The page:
Ian, in act one, aged eleven, carrying a football under his arm. Quotation: "Ye need a trade."  Painting and decorating equipment, symbols of a trade that Ian gets experience of in act two. Quotation: "Gettin maself a job."

Ian is Billy's son and Alec's cousin. The boys are about the same age. Ian's function in the play is to provide a contrast to Alec, and this is largely because of his father’s influence. At first, the boys play together but, while Alec is a dreamer and keen on stories, Ian is a realist with a more practical ambition.

When Alec finds the broken yacht, Ian sees it simply as,It’s got nae sails or nae mast or nothing whereas Alec sees an opportunity, Ah’m gonnae get my da tae fix it up. Ian tries to stifle Alec's pride when he points out that Alec's father is not a sailmaker any longer but a 'tick man', and questions whether he wrote the ‘poem’ which Alec quotes.

He makes it clear that he intends to work with his father as a painter in the future as Ye need a trade.

The boys share an interest in supporting Rangers Football Club, but Ian's views are narrow-minded and sectarian, whereas Alec is willing to look beyond the constraints of the stereotypes. When Alec finds the holy medal, Ian recoils in horror at the sight of it, whereas Alec admits he likes it. Ian criticises Catholicism when he teases Alec Next thing ye’ll be carrying a rosary and crossin yerself.

Ian's lack of imagination and inferior intellect are clear in the scenes where the boys are playing or when Alec remembers being confused when hearing the word “bookie” as a child. Ian's response is to tease Alec, largely because he doesn't understand him. However, the boys work well together when they make bows and arrows.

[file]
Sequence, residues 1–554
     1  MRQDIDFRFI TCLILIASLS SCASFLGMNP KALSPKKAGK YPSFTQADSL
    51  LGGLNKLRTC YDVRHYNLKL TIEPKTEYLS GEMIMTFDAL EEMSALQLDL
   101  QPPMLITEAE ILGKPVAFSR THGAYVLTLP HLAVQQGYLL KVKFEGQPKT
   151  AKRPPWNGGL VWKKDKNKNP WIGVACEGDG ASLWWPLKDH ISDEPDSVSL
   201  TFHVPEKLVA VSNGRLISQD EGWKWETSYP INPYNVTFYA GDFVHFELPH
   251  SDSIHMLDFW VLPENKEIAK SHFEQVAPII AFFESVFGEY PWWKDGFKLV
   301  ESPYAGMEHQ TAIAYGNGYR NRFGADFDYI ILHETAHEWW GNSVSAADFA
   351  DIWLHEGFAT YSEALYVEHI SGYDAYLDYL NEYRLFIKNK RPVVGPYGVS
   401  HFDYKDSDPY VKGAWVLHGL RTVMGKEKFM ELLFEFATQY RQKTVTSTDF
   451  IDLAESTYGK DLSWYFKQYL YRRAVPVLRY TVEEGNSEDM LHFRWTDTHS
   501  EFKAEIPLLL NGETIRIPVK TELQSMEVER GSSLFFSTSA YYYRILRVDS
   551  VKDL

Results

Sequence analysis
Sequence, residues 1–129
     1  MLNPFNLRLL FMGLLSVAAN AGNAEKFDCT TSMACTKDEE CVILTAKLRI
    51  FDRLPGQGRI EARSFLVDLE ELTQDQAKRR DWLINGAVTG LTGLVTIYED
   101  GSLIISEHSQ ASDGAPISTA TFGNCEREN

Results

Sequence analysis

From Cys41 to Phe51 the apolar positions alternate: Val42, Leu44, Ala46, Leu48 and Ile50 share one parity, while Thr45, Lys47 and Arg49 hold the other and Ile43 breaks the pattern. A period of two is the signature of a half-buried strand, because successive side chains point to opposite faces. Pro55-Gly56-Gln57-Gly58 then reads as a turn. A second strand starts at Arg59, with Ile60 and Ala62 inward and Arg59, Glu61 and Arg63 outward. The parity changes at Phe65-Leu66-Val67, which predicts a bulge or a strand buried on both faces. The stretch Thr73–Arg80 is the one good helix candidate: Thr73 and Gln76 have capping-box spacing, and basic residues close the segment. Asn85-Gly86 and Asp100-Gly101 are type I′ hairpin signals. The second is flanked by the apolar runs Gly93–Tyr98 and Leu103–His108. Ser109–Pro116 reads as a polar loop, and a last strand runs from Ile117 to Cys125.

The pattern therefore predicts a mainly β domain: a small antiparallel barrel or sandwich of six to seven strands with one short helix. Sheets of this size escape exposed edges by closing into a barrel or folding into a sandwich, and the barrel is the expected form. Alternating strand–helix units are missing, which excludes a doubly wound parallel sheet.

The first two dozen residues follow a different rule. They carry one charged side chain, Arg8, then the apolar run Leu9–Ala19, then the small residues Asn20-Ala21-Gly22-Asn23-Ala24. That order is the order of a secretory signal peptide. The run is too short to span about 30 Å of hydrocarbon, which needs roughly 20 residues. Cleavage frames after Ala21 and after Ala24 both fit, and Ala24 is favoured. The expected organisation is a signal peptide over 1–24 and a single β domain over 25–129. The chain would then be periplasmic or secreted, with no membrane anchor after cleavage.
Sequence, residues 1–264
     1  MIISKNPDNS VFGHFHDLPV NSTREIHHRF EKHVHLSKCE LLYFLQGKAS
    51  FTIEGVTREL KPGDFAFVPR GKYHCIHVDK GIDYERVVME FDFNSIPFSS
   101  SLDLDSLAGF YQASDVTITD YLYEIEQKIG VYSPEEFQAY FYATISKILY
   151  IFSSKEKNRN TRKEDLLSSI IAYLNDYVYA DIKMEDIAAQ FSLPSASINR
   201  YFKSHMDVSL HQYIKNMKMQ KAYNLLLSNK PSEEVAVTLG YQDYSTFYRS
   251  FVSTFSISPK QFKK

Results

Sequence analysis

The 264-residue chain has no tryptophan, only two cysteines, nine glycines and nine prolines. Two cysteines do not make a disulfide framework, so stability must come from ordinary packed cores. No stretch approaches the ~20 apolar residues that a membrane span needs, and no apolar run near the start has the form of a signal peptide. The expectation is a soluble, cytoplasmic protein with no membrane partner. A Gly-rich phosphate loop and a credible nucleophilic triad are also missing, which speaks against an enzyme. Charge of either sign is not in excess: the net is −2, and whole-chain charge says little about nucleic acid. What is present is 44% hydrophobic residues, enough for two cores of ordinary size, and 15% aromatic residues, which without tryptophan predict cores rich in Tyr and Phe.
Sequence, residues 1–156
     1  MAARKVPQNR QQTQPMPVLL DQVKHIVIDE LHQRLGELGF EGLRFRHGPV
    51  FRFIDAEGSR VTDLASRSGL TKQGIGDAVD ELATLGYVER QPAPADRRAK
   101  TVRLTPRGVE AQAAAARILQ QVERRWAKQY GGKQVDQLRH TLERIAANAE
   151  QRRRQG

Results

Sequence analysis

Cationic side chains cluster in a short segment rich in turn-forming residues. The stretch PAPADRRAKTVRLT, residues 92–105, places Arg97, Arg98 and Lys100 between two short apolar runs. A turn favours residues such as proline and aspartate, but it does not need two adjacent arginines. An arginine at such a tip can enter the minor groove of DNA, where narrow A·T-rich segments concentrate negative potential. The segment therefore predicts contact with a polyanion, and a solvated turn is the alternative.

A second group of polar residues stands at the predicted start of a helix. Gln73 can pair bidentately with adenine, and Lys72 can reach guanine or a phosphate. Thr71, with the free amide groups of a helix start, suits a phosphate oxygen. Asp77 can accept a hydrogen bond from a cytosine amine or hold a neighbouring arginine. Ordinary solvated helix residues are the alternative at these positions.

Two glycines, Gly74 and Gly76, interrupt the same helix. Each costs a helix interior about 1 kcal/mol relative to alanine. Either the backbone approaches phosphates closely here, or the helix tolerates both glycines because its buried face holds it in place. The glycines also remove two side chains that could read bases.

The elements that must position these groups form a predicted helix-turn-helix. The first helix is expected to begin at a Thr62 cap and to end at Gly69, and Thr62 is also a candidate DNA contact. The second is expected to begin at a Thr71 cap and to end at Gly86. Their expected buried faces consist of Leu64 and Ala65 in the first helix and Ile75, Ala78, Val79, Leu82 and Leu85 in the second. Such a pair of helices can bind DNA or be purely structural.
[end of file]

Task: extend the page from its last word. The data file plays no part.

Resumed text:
In Act II, when Alec matures and tries different experiences, such as the Mission, Ian remains with his childhood games of playing football in the street. In keeping with his character, he teases Alec for going to the Mission and complains Ye never come oot wi us these days. This attitude is seen again when he and Alec discuss the private school.

Ian hates school and is desperate to leave at the earliest opportunity and go out to work: Soon as ah’m auld enough ah’m chuckin it. Getting maself a job. He doesn't understand why Alec would want to continue with his education and criticises the private school boys’ uniform, sports and sexuality, ah’d watch ma bum if ah was you!

This point marks the end of their relationship: Alec is going to private school and Ian and his father are likely to be moving away to find work, as Billy is facing redundancy.

Soon after we see Billy and Ian working closely together on a painting job; their close relationship contrasts with Alec and Davie who are drifting apart. Ian has changed his priorities and is willing to forego the football match in order to earn money working overtime.

Their cheese or spam sandwiches link them to the working-class. Ian has some ambition to be his own boss or experience working in a different environment, such as the army. These ideas, however, are not encouraged by his father who believes that Ian has no idea what the army is really like.

Move on to Video